Through the marvels of modern technology and the phenom of Facebook, I happened to bridge a gap of approximately 500 miles/805 kilometres between my home near Philadelphia and that of writer, speaker, therapist and former attorney Jeff Brown who makes his in Toronto, Canada. Writing was one bond that drew us together. Like me, he is a wordsmith who revels in creating word mashups and fusions the likes of which I have never seen. Some gems are ‘enrealment,’ ‘hearticulation,’ ‘wholemates,’ woundmates,’ ‘karmastry,’ and ‘soulendipity’. Many of these were initially scrawled on walls in his home so as to provide fodder for his books, including Soulshaping: A Journey of Self-Creation, Ascending with Both Feet on the Ground and Love it Forward. His latest is called An Uncommon Bond, which is a novel that pulls back the curtain on the characters’ hearts and exposes them to the brilliant light of day, as well as the darkest and most frightening depths of night.
Brown lays the groundwork for the story in the “Note to the Reader” and clarifies the various meanings behind a three letter word that is often fraught with confusion:
which is called by many names. Make no mistake about it, this is indeed a spiritually infused, but by no means, religious book. The portal to the Divine is often draped with the filmy allure of the Lover as the human becomes the sacred ground for worship.
The novel begins with the protagonist Lowen; in confessional style letting the reader know that even before he laid eyes, heart and hands on the woman of his most delicious dreams and, at times, most fear-filled-tear-filled nightmares, he sensed that she would soon be arriving. As such, he knew that he had been setting the stage onto which Sarah would step. That included recollection of relationships past, through which he had both struggled and celebrated. The loves and losses led him closer to her. He speaks of his chaotic childhood and the ways in which it shaped his beliefs and actions in partnership.
Lowen armored himself up and then inexorably peeled off the layers in love with Sarah. In emotionally bare naked moments; perhaps even more than the physical ones, he expressed raw and sometimes disturbing emotions. Coming close and dancing away on numerous occasions over their time together, the two discovered their core wound; Sarah’s as a result of her tumultuous upbringing as well as the variance in life experiences with their age difference that was a decade apart. He realized that his expectations of her were based on his own developmental stage and not hers. Sometimes they gnawed at their respective wounds. At others, they provided healing balm.
The two didn’t go it alone, blessedly. It seems that such a high energy real-a-tion-ship would sink, without support. It takes the form of two others. One is Lowen’s longtime friend Daniel who provides solace, a listening ear, good buddy advice and the occasional intoxicating substance to help his distraught compadre get through the dark nights of the soul. Another memorable character whose style is quite different is Dude, a ‘houseless, but not homeless’ man who becomes somewhat of a Greek chorus with ‘Dude-isms’ that he sells for food and cash. When Lowen asked him if he had ever known great love, he replies “Now and Zen. If only I knew then what I didn’t know now.” In the midst of one of several separations between Sarah and Lowen, he finds wisdom in these words “The ladder to heaven is made from broken rungs. Love is lawless, unruly, chaotic, radical. It ain’t subtle and smooth. It can’t be tamed or controlled.” As Dude walks off to find cinnamon sugar donut delight, he tosses in Lowen’s direction, the encouragement “Keep the faith and the faith will keep you.”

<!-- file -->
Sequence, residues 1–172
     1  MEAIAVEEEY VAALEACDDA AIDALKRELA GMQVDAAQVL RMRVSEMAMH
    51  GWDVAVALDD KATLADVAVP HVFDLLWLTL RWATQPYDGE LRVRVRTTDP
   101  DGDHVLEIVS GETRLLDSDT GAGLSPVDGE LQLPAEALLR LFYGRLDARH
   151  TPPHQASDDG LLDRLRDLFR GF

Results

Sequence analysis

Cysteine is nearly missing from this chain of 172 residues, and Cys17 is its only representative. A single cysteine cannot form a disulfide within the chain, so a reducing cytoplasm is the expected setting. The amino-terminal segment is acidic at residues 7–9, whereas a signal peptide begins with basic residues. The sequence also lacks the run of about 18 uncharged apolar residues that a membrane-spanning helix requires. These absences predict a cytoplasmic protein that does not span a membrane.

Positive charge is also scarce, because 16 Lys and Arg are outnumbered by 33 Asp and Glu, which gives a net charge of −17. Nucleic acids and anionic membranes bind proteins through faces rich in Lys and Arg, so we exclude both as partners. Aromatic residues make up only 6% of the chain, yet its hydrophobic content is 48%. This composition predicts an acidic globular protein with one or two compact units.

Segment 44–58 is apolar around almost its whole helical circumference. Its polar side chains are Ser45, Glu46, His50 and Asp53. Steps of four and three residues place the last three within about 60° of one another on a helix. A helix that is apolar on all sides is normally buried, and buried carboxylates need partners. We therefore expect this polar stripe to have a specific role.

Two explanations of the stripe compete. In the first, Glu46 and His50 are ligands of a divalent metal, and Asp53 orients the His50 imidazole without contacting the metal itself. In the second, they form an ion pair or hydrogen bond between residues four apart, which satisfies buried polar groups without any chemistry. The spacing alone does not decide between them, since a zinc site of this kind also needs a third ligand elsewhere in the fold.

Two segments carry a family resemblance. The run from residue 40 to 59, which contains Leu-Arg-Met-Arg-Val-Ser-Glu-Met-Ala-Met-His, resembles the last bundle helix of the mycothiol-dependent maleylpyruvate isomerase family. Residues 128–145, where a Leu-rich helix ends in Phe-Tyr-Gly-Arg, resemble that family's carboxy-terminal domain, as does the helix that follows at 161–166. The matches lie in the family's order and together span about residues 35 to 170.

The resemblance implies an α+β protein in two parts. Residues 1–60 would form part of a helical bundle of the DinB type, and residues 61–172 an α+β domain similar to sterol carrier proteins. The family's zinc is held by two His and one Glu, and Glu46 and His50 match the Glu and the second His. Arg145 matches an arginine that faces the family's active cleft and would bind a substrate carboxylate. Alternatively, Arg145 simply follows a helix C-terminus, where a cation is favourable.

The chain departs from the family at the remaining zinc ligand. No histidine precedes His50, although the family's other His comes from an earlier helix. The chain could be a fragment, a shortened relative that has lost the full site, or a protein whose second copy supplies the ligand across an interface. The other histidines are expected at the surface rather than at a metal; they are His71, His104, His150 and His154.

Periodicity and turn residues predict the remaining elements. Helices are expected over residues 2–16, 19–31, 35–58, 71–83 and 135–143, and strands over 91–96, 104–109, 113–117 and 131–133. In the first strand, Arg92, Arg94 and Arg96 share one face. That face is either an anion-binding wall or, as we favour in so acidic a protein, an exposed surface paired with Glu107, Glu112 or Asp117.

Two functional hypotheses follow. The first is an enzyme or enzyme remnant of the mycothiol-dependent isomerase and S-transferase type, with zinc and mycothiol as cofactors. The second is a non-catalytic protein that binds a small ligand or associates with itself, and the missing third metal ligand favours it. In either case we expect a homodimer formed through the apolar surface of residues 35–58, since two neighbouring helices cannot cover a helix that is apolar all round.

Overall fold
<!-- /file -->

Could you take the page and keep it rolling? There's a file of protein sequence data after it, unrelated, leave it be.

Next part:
The central theme of the book- uncommon bonds refers to a concept developed by Psychologist, professor and author, Jeanne Achterberg, Ph.D. It is a sense of meant to be, a beyond the beyond connection between two people. It brings with it, amazing synchronicities and miracle manna-festation. Often fraught with soul searing interactions, it smooths away the rough edges, calling out both the shadow and the light of each one. Not an easy row to hoe. Brown uses it to explain the roller coaster ride that Lowen and Sarah find themselves on.
In the back of this spiritually erotic and erotically spiritual tome is a glossary that Brown calls ‘Love Dictionary’ that includes some of the words mentioned earlier in the review- as well as those which are even spicier, such as ‘cuddlelingus,’ ‘heart-on,’ ‘ourgasm,’ and ‘yoniverse’
Brown was a guest on It’s All About Relationships, as he waxed philosophical about the ideas expressed in the book; in particular, the difference between wholemates and woundmates, both of which can find their way into any relationship, regardless of the form.
You may recognize yourself in any or all of these colorful characters and explore your own unions, re-writing the treatise as you page through the contents of this stellar story and ‘love it forward’.